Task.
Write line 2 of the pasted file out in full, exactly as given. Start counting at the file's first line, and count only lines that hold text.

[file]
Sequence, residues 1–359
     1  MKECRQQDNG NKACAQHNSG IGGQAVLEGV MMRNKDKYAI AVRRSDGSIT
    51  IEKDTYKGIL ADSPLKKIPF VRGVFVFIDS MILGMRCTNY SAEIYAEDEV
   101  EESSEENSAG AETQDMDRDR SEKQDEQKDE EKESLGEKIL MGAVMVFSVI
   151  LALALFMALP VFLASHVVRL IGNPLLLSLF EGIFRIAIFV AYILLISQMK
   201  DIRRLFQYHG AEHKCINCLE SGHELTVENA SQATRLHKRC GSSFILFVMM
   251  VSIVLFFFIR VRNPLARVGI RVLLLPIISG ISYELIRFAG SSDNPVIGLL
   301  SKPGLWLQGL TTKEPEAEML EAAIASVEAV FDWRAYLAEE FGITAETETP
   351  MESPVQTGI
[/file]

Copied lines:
     1  MKECRQQDNG NKACAQHNSG IGGQAVLEGV MMRNKDKYAI AVRRSDGSIT